“For digestive problems, we always recommend a good probiotic, prune juice, extra fibre such as psyllium husks and for indigestion some digestive enzymes, aloe vera juice and apple cider vinegar,” says Dorothy Browne.

Also supporting your digestion:

  • Digestive enzymes – help the body to break down food and absorb more vitamins and minerals from food.
  • Garlic – for a cleansing and antibacterial action on the gut.
  • Yogurt – restores natural bacteria.
  • Magnesium – for the relaxation of intestinal muscles.
  • Centaurium bitter herb for acid reflux – available in tincture form.
  • Camomile tea – drink after a meal for heartburn and acid reflux.

Supporting your eyes

“Taking a blueberry supplement rich in lutein may help to keep the muscles of the eyes strong,” says Dorothy Browne. “Zinc and vitamin C are also beneficial. Eye drops containing euphrasia can help with dry, irritated and tired eyes. Plenty of sleep is also recommended and keeping regular appointments with your optician.”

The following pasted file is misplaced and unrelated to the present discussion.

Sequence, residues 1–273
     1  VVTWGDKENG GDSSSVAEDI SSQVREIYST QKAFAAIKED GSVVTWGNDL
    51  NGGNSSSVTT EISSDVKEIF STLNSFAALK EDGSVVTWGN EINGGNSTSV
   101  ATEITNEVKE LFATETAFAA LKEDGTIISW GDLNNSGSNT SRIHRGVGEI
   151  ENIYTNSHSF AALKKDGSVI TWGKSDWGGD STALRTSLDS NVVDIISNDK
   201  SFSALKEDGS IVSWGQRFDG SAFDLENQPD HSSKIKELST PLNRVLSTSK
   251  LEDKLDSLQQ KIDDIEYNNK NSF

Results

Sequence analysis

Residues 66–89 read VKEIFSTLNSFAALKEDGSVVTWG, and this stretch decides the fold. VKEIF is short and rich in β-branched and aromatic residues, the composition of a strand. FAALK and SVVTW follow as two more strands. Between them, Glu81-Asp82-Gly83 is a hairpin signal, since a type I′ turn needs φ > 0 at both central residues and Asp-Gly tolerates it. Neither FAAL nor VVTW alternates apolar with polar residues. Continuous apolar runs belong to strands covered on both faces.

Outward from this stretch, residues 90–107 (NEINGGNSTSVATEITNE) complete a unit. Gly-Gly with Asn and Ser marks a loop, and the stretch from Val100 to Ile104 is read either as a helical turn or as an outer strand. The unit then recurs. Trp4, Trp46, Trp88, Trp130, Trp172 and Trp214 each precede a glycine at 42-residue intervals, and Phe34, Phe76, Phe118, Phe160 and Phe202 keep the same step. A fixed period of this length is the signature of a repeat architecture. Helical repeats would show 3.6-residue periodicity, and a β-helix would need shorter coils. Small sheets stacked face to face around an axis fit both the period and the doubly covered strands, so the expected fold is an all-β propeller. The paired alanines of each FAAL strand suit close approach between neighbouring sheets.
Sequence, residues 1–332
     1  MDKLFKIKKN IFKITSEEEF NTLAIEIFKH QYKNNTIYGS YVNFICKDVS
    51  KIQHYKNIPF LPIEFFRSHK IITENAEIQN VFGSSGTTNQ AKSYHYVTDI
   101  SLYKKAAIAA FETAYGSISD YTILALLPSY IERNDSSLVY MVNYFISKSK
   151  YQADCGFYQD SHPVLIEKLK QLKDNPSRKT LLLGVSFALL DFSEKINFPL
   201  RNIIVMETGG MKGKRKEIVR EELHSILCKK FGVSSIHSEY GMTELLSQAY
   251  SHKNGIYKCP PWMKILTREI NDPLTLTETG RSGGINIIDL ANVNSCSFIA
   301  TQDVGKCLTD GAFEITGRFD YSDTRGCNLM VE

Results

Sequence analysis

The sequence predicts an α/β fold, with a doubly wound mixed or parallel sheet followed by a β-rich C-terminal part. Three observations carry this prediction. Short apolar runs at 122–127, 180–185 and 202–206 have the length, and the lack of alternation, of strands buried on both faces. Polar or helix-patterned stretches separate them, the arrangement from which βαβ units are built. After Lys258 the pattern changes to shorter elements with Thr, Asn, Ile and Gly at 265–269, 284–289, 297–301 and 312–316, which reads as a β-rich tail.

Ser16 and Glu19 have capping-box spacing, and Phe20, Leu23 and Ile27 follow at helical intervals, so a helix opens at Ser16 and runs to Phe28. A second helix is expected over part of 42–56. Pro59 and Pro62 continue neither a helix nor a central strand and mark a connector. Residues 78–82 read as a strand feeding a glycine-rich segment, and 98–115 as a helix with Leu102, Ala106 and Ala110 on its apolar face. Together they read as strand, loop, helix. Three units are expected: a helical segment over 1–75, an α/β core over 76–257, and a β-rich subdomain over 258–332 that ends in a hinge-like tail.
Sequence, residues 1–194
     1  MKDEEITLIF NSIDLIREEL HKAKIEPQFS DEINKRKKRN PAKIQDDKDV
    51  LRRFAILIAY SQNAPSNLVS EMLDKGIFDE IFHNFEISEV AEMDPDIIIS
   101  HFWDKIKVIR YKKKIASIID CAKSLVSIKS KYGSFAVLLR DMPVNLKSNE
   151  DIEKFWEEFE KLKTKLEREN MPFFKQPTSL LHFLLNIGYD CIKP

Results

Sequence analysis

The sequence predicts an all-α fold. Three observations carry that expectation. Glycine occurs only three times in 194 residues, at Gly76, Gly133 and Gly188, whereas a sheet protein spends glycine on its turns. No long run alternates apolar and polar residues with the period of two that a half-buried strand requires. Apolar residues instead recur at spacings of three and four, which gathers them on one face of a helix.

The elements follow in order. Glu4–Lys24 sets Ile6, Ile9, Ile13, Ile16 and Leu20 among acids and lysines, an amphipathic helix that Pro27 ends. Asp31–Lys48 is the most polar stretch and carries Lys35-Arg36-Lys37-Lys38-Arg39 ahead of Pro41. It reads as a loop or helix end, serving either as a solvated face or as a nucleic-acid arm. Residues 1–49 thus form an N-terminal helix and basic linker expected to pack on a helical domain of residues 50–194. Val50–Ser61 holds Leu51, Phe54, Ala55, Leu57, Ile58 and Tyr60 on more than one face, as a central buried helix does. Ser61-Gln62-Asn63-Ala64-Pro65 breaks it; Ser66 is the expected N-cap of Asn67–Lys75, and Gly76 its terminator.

Also supporting eyes:

  • Carrots – a rich source of beta-carotene which the body converts into vitamin A.
  • Bilberry – contains antioxidant vitamins A and C that help to prevent damage to the eyes. Available as tablets, sometimes with lutein and zeaxanthin.
  • Flaxseed oil – good if you have dry or itchy eyes. Available as capsules and a liquid.
  • Omega-3 fish oil – good for general eye health and clear eyesight.
  • Selenium – benefits the eyes. In small amounts in brazil nuts, eggs, garlic, and brown rice, seafood and yeast or take a supplement.